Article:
“The Discover Natural Sarasota County website demonstrates a tremendous county-wide collaborative effort of more than 20 people contributing content about 64 different locations in Sarasota County,” states SCVB Director of Marketing & Sales, Anne Zavorskas. “We are thrilled at the initial feedback from the launch of the website and we look forward to making additional enhancements for phase two next year.”
Myriam Springuel, Executive Director of the Science and Environment Council of Sarasota County added, “People come to Sarasota County for its natural beauty but our interconnected eco-systems are vulnerable. By helping visitors and residents learn about and experience the outdoors, we help them care about the natural assets that make Sarasota so special, and thus participate in the County’s legacy of preserving the environment.”
The new website was developed by the SCVB, in partnership with Sarasota County Government, the Science and Environment Council of Sarasota County, and the Conservation Foundation of the Gulf Coast. The goals of the website are to stimulate awareness of Sarasota County as a nature destination and to provide information about Sarasota County’s tourism-related natural assets.
The Sarasota Convention & Visitors Bureau leads and supports the tourism industry in Sarasota County by providing the highest quality, and most innovative, marketing programs and promotions to ensure the continued growth of tourism and travel from visitors around the world. www.sarasotafl.org
The Science and Environmental Council of Sarasota County’s mission is to promote and advocate science, conservation, and environmental issues in Sarasota County for maintaining and improving quality of life through education, public outreach, demonstration, information gathering and analysis, and special projects. www.secsc.org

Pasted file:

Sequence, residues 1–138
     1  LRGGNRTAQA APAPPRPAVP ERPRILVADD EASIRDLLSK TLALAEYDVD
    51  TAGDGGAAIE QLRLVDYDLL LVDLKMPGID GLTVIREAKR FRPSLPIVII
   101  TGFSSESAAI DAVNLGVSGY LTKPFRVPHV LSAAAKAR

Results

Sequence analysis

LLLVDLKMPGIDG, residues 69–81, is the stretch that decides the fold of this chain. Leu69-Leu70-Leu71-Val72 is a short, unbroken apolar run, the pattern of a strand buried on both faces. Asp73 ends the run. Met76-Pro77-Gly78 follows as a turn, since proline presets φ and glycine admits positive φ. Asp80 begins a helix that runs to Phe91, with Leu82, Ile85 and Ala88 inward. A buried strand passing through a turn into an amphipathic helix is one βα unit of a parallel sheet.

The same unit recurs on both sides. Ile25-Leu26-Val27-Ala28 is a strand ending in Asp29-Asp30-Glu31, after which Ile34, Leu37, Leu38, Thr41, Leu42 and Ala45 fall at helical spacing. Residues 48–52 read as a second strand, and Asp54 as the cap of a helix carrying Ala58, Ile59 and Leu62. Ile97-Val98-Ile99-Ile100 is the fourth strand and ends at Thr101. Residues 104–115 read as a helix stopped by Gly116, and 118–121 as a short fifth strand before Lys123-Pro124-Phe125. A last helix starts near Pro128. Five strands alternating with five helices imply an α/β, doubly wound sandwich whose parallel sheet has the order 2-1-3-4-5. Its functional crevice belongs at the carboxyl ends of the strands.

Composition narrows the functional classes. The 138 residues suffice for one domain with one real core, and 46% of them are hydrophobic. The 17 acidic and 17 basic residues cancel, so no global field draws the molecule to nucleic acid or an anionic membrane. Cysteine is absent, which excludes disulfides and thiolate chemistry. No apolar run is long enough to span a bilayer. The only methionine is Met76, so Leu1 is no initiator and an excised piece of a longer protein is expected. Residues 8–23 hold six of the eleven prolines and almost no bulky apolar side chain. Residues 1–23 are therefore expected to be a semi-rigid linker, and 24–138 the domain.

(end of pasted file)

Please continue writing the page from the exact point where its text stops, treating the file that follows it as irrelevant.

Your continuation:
Record breaking low temperatures are in the forecast for Florida this week. What do you do about plants and animals outside? For information and resources available to Sarasota County residents see the following links: 1) weather status and projections; cold weather safety tips; FL State Government press release - see http://www.floridadisaster.org/index.asp
2) cold protection for people - see http://fawn.ifas.ufl.edu/focus/topic.php/Cold_pp
3) cold protection for crops - see http://fawn.ifas.ufl.edu/tools/coldp/crit_temp_select_guide.php
4) cold protection for ornamental plants - see Solutions for Your Life Website - Cold Protection for Plants
5) cold protection for livestock and pets - see http://www.clemson.edu/extension/ep/cold_livestock.html
Annie’s Project is coming to Sarasota County Extension starting Feb 10, 2010! This six-week course is designed especially for farm/ranch women. Sessions will combine lecture, discussion, individual and small group activities, and computer training to gain the understanding and knowledge necessary to be active and in-volved farm partners. The total cost is only $25/person and space is limited. For a registration form see this link below:
The Florida Cooperative Extension Service will offer a course on the basics of ffarm finances and risk management. Called "Annie's Project", iit will be available in Hernando, Marion, Sarasota, Sumter and Suwannee counties. Annie's Project could be equally useful to men and women but it was developed as a way to help women become better acquainted with farm business practices. The program is named after Annie Fleck, 1922-1997, an Illinois farmer's wife who taught herelf business management and became wealthy as a result. Her daughter, Ruth, founded Annie's Project to educate and empower other women. Topics covered in the course include: human resources, women and money, business plans, alternative enterprises, interpersonal skills, farm succession, retirement and estate planning, using spreadsheets, marketing strategies, insurance, accounting and financial records.
Each course runs six weeks, held one day per week for a three-hour session. Early registration is $25 and courses are limited to 25 participants, so early registration is recommended. To register, contact the Extension office in a participating county. For more information contact Nola Wilson at (352) 671-8400.
SOIL AND WATER CONSERVATION DISTRICT
Invites You to Join Us on the
2010 Sarasota Farm Tour
Wednesday, January 20th
For Further Details: Phone 941-907-0011
Ask for Janie
The tour will depart from and return to the Sarasota County Fairgrounds, 3000 Ringling Boulevard, Sarasota, FL 34237.